Most CEOs Still Bullish (Updated)

Survey shows big decline in new accounting pros, automakers offer employees cheap AOL deal, more.

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With many tech and Internet stocks way off their lows, most corporate insiders probably bailed out months ago, right?

Wrong! At least when it comes to chief executive officers.

About 95% of the CEOs at the 200 largest U.S. companies have still not cashed in their vested stock options, according to a recent survey, conducted by Pearl Meyer & Partners. This could be a sign of confidence in the current and future value of their firms, according to Pearl Meyer.

However, I’ll bet many of them are kicking themselves for not selling, say, half the underlying stock.

In any case, the survey notes that the CEOs are sitting with average paper profits valued at $33.7 million.

Pearl Meyer said its analysis was based on closing stock prices as of October 18, and noted that four CEOs surveyed do not hold any options and six do not hold any vested options.

Did They or Didn’t They?

The rumors sure were flying on Wall Street Thursday that Oracle Corp. Chief Executive Larry Ellison and Chief Financial Officer Jeff Henley had resigned.

At one point, Oracle’s stock fell as much as 13% before the company officially denied the reports. “The rumor is unfounded,” Oracle’s vice president of communications, Jennifer Glass, told CFO.com. She added that Oracle decided not to put out a release, and is responding to individual media calls. Says Glass: “We don’t know where this one started.”

According to a wire service, one rumor among traders was that Ellison had died.

Unemployment Rate Remains Steady

The U.S. unemployment remained at its 30-year low of 3.9% in October.

The Labor Department also said that the number of workers on payrolls outside the farm sector rose by 137,000. However, in September the gain was 195,000. This number was adjusted downward from the initial report of a 252,000 increase.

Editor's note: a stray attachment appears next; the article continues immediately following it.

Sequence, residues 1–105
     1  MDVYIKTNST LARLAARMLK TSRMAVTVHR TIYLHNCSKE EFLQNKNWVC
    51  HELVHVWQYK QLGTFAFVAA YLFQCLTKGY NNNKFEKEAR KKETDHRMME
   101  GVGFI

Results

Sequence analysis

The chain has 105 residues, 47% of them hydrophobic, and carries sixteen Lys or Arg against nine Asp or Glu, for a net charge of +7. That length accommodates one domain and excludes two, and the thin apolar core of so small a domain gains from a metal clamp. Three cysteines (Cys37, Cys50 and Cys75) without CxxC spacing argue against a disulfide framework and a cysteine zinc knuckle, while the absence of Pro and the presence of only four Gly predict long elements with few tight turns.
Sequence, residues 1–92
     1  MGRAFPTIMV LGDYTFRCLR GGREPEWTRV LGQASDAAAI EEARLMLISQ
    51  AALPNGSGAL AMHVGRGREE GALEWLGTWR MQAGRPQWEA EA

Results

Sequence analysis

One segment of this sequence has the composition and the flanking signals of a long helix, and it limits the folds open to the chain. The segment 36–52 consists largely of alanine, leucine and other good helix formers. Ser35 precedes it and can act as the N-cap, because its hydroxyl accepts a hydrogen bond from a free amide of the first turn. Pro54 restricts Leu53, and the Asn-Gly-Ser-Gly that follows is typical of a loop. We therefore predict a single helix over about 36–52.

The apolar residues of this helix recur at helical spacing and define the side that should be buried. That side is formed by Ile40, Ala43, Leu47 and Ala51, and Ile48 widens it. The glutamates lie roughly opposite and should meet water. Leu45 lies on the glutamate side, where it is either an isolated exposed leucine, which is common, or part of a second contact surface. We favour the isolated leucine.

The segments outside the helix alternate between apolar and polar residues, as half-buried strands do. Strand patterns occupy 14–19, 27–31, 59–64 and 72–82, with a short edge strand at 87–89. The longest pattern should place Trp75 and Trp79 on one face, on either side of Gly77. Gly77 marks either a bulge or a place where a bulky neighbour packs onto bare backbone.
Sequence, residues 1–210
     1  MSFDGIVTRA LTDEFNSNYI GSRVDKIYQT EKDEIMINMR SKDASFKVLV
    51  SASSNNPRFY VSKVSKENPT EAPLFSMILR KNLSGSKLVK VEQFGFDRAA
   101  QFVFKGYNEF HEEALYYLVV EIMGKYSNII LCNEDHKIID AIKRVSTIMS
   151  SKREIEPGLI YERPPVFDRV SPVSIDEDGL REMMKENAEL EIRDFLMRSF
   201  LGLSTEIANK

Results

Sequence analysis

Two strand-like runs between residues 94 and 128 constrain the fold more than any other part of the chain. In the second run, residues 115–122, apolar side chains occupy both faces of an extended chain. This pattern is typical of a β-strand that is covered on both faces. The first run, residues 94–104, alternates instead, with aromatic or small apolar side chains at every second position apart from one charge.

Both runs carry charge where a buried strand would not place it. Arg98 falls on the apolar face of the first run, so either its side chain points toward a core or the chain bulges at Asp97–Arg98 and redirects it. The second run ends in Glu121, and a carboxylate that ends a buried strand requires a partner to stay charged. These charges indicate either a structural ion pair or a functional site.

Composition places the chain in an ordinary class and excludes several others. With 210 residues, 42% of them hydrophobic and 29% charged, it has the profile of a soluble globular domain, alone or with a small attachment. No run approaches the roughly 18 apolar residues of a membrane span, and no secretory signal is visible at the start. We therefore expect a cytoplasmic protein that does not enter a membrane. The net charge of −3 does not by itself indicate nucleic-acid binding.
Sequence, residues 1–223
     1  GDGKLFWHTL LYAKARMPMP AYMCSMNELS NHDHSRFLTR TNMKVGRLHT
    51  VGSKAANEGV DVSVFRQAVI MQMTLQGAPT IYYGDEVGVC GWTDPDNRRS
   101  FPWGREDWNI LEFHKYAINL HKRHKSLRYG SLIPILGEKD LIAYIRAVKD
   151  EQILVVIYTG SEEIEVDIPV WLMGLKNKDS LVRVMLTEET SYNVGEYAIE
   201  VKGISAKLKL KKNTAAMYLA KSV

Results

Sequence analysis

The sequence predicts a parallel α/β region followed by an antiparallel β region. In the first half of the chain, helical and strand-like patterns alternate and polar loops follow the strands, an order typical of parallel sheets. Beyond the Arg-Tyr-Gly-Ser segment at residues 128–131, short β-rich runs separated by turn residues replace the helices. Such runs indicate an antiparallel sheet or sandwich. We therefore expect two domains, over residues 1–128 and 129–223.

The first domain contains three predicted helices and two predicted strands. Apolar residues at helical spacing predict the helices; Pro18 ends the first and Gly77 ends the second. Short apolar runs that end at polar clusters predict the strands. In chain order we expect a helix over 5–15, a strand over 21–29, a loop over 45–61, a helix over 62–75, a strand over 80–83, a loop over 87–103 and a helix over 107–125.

Average hourly earnings rose 0.4%, slightly above the consensus forecast of a 0.3% rise. The average workweek dipped to 34.3 hours from 34.4 hours in September.

Who Wants to be a CPA?

Not as many as in the past, according to a new survey.

In the past four years, the number of accounting majors has fallen by 23%, according to a report entitled: “Accounting Education: Charting the Course through a Perilous Future,” a joint project of the American Accounting Association, American Institute of CPAs, Institute of Management Accountants, and the Big Five. It was written by W. Steve Albrecht, past president of the AAA and associate dean of the Marriott School of Management at Brigham Young University, and Robert Sack, emeritus professor of business administration at the University of Virginia.

The 72-page report discusses why the future of accounting education is in danger; how the business environment has changed and reactions to these changes; why accounting student enrollment has declined; “why accounting educators and practitioners would not major in accounting again;” and what needs to be done to improve accounting education.